The 2020 NFL Draft’s special wide receiver class

When we approached the NFL Draft in 2017, running backs were in focus.

Leonard Fournette, Christian McCaffrey, Dalvin Cook, Alvin Kamara and more were all taken in a strong group of runners who changed the landscape of the league.

  • Beginner’s guide to 2020 NFL Draft
  • NFL Draft 2020: What to expect

2018 was the ‘year of the quarterback’, as five were taken in the first round, the most since 1999. As usual with every draft, some have panned out, while others have fallen short – so far.

Not every rookie class has an especially strong group at one position, but this 2020 one certainly does. It is time for the wide receivers to step forward, and not since 2014 have seen a group with as much potential as this one.

That class saw Sammy Watkins, Mike Evans, Odell Beckham Jr and Brandin Cooks all selected in the first round. Davante Adams, Allen Robinson and Jarvis Landry have proved to be tremendous values from the second and there were more contributors further down.

2020 could provide similar levels of immediate and long-term production. There may even be more depth in this class.

CBS Sports has 17 receivers ranked inside their top three rounds of projections. For context, that strong 2014 Draft saw 15 receivers drafted in the first three rounds. Last year it was 13, and in 2018 that number was only 10.

NFL Analyst Daniel Jeremiah called this class “the deepest I’ve seen,” and has given 27 of the receivers a top-three-round grade. Twenty-seven! We could see almost a whole round’s worth of wideouts selected on days one and two.

So, with all that talent, which players lead the way?

Talent at the top

Right now, our top three appear to be set. In which order they will go, we don’t know. CeeDee Lamb, Jerry Jeudy and Henry Ruggs lead the way, and all are expected to go in the top half of the first round.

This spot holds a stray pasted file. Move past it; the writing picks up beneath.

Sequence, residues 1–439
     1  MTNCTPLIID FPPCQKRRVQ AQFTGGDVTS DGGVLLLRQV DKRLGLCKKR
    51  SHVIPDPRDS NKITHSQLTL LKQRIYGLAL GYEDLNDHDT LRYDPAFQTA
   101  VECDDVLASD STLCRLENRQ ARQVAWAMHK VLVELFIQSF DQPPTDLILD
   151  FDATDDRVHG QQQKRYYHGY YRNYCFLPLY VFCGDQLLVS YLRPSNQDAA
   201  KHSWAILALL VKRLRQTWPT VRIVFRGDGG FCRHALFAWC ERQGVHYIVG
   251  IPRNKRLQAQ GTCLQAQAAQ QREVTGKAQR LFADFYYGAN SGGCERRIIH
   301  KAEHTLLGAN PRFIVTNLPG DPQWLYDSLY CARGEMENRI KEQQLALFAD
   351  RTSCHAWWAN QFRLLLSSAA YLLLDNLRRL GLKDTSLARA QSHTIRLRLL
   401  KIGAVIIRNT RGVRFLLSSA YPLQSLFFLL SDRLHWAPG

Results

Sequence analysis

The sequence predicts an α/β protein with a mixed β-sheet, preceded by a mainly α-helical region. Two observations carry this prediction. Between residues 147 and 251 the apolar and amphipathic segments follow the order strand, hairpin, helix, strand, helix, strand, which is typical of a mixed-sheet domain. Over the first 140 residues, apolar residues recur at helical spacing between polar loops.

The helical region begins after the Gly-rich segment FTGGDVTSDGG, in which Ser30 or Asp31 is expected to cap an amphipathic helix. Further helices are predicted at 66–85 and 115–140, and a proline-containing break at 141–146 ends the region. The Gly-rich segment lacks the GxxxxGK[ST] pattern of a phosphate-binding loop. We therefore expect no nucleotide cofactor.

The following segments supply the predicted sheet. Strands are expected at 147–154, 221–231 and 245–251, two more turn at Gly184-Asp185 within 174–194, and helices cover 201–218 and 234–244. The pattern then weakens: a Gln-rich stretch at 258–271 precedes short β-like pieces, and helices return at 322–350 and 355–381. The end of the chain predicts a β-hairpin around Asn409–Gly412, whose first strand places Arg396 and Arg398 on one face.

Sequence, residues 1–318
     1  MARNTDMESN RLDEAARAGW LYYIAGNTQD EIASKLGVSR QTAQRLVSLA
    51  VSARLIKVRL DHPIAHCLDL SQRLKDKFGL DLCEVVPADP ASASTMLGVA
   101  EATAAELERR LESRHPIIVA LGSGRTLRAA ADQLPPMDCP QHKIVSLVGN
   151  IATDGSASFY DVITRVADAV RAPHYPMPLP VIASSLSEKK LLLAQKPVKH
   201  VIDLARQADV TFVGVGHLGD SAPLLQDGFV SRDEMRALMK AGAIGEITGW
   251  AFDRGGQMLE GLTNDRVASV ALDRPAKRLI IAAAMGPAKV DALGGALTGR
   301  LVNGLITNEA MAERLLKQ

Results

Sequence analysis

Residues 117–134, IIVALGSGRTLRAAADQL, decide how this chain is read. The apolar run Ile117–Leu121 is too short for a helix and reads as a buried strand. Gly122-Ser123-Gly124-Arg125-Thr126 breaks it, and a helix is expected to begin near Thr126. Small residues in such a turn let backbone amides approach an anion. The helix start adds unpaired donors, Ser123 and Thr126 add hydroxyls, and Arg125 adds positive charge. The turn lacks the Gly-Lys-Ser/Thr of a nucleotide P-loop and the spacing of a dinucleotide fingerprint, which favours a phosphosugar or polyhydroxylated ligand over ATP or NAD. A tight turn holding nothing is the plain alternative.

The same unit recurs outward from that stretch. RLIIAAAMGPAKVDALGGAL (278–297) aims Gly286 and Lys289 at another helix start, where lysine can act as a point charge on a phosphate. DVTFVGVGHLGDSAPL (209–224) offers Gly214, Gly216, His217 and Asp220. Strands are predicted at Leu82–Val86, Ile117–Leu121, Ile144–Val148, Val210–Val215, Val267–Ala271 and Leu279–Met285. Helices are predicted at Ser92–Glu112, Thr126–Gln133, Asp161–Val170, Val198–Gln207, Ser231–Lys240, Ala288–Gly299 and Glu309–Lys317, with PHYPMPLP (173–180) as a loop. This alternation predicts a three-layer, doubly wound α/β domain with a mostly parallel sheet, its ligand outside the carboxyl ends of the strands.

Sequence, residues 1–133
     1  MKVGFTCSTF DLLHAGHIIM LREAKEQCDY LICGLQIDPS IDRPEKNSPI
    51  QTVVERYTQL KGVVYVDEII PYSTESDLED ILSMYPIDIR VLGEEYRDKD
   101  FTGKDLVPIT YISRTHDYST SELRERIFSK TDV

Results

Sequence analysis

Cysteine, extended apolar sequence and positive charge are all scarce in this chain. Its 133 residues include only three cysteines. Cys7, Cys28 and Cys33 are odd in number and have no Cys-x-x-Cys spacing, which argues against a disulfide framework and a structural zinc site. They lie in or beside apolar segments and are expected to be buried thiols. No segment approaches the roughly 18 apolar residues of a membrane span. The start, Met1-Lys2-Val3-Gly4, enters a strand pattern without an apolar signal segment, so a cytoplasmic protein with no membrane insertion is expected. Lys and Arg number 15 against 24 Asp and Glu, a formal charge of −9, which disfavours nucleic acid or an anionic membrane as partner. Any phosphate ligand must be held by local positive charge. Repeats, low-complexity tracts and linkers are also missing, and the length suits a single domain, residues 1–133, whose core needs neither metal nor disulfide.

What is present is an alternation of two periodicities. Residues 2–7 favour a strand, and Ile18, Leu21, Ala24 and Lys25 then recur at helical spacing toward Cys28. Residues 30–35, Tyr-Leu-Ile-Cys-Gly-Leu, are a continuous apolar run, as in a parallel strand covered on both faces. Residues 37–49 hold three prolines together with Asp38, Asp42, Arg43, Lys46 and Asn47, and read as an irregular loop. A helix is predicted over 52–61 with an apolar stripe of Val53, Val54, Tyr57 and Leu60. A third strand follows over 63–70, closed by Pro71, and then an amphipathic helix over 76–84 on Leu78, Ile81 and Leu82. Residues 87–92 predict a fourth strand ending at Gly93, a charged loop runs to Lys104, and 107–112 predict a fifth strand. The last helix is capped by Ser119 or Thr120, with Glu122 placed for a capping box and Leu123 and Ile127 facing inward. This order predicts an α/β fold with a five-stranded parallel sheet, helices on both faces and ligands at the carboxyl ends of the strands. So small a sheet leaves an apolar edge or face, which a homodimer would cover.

Let’s start with Lamb, who is ready to step in and be a true number one from day one. He ticks all the boxes: production, athleticism, great hands, and toughness.

One thing that surprises you about him – as he is not considered a ‘burner’ – is his ability to create yards after the catch. Don’t be surprised if the Las Vegas Raiders snap him up with the 12th overall pick (if he lasts that long).

From Julio Jones to Amari Cooper to Calvin Ridley, Jeudy is the latest top Alabama receiver who will make an impact at the next level, and there is one thing that he excels at perhaps more than any of them: route running.

Speaking in the build-up to the NFL Draft, agent Leigh Steinberg told Sky Sports Jeudy is “the most precise and disciplined route runner that I’ve seen come out of college football in years.

“He runs incredible routes, he’s always where he needs to be and where the quarterback can hit him. Then once he catches the ball he’s got a burst and his yards after catch are completely incredible.”

Jeremiah echoed this sentiment, saying he is “an elite route runner with outstanding burst, body control and awareness” and “his snap at the top of the route is as good as any prospect in the last decade.” Jeudy is clearly going to be tough for defensive backs to handle and will be an early selection.

A late arrival at the top is Scouting Combine standout Henry Ruggs, another Alabama standout. Despite producing under 1,500 yards in his final two seasons (by comparison, Jeudy managed over 2,400), Ruggs has the trait every team covets: speed.